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  1. #1

    Radiant vs Forced air convection

    I'm doing a little project and I'm comparing the difference of forced air convection to radiant heater. I would like to know which one would be more efficient heating up a room using a space heater. From my schooling I know that since both are electric that they are both 100% efficient. But, would one use less energy than the other? Also I did a little experiment using both heaters using two identical rooms. Placed the heaters in two different rooms and ran my little experiment. The convection heater was much quicker heating up the air which makes sense, and the radiant heater was quicker to heat just me up. Which makes sense because of how the heaters work. But what I'm mostly about is if there is a way to calculate the heat gain of the person or heat loss of the person assuming that I'm a cylinder. Using the churchill equation from my old heat transfer book I calculated a convection coefficient of about 13 and 11 for the convection and radiant respectively. So, then my q' was about 750 for the convection and 620 for the radiant W/m. I don't know if I am on the right track or if I'm totally wrong. If anyone has any kind of insight I would greatly appreciate any kind of insight.

  2. #2
    Join Date
    Jan 2006
    Near Atlanta, GA.

  3. #3
    Join Date
    Dec 2010
    Eaton Rapids, Mi
    Quote Originally Posted by tisoykid View Post
    I know that since both are electric that they are both 100% efficient.
    don't confuse 100% efficiency in converting electricity to heat with good efficiency.. it just means that for every watt in you get a watt out of heat.

    1000 watts is 3400 btus. that means for every 1000 watts in, the system heats 3400 btus per hour.

    from a standpoint of electrical efficiency they both should operate at the same, given the same wattage used by the unit. From a comfort standpoint i would think that the radiant heating would be perceived as more "efficient" at adjusting the comfort level.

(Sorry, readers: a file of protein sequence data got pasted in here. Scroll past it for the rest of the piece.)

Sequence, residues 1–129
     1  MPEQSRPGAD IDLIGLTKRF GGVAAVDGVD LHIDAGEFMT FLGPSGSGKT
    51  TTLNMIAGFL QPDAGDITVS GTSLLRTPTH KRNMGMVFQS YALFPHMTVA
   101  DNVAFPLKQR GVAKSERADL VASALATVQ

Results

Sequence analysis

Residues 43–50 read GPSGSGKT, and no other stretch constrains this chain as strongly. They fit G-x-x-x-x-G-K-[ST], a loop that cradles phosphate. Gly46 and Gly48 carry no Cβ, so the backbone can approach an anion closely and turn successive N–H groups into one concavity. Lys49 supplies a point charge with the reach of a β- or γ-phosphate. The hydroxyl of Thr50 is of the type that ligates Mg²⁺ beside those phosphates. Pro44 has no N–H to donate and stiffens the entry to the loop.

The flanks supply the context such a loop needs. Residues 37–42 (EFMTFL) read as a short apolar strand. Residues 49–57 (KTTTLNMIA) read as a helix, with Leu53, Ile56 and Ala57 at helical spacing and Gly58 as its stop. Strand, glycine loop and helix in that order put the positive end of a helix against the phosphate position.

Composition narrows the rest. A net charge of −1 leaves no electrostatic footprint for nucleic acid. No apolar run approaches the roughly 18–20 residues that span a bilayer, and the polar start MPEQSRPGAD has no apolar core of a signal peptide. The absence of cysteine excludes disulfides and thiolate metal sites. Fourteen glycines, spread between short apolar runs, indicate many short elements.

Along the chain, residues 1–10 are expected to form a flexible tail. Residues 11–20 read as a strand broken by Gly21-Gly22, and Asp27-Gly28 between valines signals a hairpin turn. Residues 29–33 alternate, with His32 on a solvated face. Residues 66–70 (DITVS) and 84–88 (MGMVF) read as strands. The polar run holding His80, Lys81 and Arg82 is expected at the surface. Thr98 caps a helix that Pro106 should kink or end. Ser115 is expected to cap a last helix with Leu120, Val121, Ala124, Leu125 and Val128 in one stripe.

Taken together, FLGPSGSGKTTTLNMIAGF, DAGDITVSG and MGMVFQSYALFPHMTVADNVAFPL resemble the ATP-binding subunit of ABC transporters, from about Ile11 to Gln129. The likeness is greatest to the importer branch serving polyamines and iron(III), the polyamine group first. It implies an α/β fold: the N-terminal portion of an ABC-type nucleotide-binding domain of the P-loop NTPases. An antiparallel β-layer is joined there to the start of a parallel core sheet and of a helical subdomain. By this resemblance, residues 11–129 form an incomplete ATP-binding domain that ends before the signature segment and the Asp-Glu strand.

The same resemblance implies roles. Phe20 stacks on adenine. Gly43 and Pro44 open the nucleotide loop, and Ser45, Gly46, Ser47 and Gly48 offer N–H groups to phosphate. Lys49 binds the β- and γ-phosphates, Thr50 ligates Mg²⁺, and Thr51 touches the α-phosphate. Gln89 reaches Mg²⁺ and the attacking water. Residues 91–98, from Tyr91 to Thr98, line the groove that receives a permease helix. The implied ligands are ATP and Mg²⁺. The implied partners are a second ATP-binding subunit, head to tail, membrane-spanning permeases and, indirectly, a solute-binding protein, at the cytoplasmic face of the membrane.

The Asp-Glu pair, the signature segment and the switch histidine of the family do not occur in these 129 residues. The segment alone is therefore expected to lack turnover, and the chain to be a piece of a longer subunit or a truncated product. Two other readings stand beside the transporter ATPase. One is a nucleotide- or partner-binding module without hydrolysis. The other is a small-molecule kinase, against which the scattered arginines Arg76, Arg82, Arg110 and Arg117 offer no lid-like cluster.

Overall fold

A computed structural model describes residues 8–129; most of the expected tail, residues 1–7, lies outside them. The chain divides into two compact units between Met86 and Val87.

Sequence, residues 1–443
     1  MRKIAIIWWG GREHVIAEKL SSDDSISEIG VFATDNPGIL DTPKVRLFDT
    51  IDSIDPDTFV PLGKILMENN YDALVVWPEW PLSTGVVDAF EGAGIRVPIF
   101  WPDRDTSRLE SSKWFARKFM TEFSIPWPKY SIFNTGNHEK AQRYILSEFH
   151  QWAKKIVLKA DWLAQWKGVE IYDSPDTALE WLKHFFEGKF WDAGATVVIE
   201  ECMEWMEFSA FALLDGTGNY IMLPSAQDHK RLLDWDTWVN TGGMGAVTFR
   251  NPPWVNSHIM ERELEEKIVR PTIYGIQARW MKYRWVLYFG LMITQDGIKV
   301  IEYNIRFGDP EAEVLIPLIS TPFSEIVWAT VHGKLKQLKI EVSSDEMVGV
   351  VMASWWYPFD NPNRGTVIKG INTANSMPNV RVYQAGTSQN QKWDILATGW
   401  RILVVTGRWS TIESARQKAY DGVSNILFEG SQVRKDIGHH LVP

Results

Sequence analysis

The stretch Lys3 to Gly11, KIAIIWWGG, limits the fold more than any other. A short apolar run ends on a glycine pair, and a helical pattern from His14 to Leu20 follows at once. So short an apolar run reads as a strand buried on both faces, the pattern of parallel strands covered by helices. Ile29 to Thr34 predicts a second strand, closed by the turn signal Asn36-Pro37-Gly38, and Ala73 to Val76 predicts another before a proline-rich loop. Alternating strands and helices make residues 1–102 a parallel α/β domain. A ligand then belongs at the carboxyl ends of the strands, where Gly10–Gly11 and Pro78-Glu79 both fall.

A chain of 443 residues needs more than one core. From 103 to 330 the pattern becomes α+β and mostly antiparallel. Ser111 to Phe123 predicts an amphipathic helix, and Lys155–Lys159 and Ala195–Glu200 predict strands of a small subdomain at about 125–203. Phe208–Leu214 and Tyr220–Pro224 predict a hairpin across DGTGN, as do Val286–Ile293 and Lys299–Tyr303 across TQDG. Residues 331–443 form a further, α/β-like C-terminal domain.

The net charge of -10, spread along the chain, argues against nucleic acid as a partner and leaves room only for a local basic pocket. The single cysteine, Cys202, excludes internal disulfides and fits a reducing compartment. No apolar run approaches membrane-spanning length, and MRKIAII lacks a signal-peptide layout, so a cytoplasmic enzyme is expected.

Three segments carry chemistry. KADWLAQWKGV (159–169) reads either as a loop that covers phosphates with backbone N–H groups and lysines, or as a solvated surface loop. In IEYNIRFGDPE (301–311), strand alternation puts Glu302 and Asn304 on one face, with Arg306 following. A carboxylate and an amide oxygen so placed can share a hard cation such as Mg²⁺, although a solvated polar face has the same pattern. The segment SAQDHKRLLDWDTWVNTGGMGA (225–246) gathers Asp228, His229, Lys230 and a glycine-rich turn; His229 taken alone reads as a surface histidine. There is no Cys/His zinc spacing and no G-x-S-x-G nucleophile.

I'm sure someone will come along and expand on this more than i can.

  4. #4
    Both of the heaters are 1500 watts. If there was a group of people would the forced air convection heater be more efficient for a room vs a radiant? Meaning would more people be comfortable with the convection compared to the radiant?

  5. #5
    Join Date
    Jun 2010
    Philadelphia PA
    Convection warms the air that warms the "stuff" radiant warms the stuff without first warming the air. The one that skips a step and doesn't have the heat at the ceiling gets my vote RADIANT
    You have got to learn from other people's mistakes! Because God knows you don't live long enough to make them all yourself !!!!!!!!

  6. #6
    Thanks for the post. Hi guys, Im a newbie. Nice to join this forum.

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  7. #7
    Join Date
    Sep 2002
    I don't know
    Most so called radiant heaters provide very little heat via radiation. (there are exceptions - ex: those electric dish heaters)

    The air in contact with the radiator fins warms up by conduction, the density drops as a result, and the cooler, denser air around the heater pushes the warm air out into the room. (convention)

    Forced air heaters simply aid the process with a fan.

    You can't stop warm air from rising (or more correctly being pushed up by cooler air) by using a "radiant" heating system; efficiency is dependent on the heat source, not the means of distribution - provided that the everything is in the conditioned space.
    General public's attitude towards our energy predicament: "I reject the reality of finite resource depletion and substitute it with my own; energy is infinite, we just need an alternative storage medium to run the cars on. The economy can grow indefinitely - we just need to "green" everything! Technology is energy! Peak what?"

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